I often wonder why most people drive well above the 70 mph speed limit on motorways and dual carriageways. I reckon it’s not because they need to, but because they can. Are so many people in such a rush … and especially on a Sunday for example, or are they being “driven” rather than driving? And also I find it amusing to watch drivers forever changing lanes in traffic queues only to finish up where they started or behind the cars they were trying to get one up on.
As I was writing this first paragraph it reminded me of elements of the chapter “And They Lived Happily Ever After” in Yuval Harrari’s book Sapiens … relating to Buddhist philosophy he says … “that the real root of suffering is this never-ending and pointless pursuit of ephemeral feelings, which causes us to be in a constant state of tension, restlessness and dissatisfaction.”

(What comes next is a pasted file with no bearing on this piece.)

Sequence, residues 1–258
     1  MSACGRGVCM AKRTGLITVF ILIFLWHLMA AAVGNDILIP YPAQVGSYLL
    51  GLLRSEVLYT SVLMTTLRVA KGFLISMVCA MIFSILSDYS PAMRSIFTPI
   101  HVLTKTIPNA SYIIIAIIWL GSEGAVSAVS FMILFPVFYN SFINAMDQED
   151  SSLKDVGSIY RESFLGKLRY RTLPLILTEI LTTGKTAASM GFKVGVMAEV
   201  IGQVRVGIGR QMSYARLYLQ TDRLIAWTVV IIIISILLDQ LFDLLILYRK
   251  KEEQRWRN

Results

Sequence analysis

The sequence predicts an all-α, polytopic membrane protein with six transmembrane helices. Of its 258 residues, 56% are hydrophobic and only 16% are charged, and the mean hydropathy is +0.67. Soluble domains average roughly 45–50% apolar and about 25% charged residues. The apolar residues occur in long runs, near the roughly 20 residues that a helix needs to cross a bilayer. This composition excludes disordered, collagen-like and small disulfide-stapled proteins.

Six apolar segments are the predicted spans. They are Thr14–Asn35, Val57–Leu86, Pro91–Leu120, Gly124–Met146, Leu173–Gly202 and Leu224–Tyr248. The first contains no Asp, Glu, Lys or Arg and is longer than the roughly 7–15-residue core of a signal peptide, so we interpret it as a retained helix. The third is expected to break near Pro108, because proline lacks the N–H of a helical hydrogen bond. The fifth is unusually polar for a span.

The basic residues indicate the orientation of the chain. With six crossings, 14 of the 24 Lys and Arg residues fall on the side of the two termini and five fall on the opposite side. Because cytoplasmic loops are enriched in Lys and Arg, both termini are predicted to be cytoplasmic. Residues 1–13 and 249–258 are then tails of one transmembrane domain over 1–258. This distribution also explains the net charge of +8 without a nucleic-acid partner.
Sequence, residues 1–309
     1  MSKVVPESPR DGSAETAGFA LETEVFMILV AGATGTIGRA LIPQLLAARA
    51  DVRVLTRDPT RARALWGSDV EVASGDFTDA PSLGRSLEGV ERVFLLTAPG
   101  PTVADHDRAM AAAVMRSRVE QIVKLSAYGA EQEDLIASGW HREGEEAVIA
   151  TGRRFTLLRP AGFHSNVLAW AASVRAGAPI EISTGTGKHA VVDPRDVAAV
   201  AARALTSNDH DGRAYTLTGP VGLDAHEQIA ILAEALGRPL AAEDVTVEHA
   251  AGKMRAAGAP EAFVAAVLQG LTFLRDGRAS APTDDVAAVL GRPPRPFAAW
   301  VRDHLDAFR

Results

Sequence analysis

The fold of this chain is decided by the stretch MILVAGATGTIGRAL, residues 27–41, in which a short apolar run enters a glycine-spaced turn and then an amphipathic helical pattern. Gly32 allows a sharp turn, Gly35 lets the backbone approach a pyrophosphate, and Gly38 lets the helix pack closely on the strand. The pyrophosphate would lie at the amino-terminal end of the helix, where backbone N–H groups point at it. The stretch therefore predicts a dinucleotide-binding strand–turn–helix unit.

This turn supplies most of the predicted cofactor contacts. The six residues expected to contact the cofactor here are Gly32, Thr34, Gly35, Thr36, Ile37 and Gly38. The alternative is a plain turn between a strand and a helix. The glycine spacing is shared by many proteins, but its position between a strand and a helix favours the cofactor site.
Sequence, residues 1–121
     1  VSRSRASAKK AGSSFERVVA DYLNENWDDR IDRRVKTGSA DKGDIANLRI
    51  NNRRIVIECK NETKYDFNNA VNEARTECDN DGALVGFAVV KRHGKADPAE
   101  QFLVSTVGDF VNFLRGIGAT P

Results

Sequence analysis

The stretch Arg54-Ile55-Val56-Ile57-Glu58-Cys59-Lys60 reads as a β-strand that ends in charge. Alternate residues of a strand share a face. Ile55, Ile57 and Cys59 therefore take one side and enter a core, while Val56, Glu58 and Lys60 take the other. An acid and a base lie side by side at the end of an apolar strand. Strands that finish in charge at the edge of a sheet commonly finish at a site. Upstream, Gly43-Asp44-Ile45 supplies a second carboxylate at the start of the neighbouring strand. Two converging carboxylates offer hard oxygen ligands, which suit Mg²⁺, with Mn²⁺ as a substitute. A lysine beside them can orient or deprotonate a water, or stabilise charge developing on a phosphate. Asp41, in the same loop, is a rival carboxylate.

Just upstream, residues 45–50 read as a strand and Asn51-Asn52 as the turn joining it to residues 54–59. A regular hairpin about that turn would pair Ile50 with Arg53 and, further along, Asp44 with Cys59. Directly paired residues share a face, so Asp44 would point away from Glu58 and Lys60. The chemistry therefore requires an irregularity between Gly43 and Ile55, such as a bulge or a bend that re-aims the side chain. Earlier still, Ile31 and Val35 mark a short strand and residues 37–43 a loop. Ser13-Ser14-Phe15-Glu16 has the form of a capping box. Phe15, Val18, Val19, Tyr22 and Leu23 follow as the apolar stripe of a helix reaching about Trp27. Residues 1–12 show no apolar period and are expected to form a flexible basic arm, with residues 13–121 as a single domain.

My coaching work is now centred on the understanding of how “The Three Principles” inform our lives, bringing together ancient wisdom married to modern physics. “Speed … get things done, let’s move on, what’s next?” … Perhaps the mantra of modern life? Strangely (or not depending on your view!) I have recently been experiencing the phenomenon of time slowing down and expanding rather than speeding up and diminishing, much to the astonishment of one of my clients. Oh, and by the way, I’m not retired … still coaching, reading and researching!
Harrari writes … “ most people wrongly identify themselves with their feelings, thoughts, likes and dislikes … they never realise that they are not their feelings (or their thoughts CJ*), and that the relentless pursuit of particular feelings just traps them in misery.” The understanding that all our feelings come from our thoughts and that our non-ego mind has innate wisdom, presence, peace, love, serenity etc can slow down this relentless pursuit and allow us to enjoy the moment … and, with a quiet mind, make each ‘journey’ something to experience … not to get over with.
* An addition from myself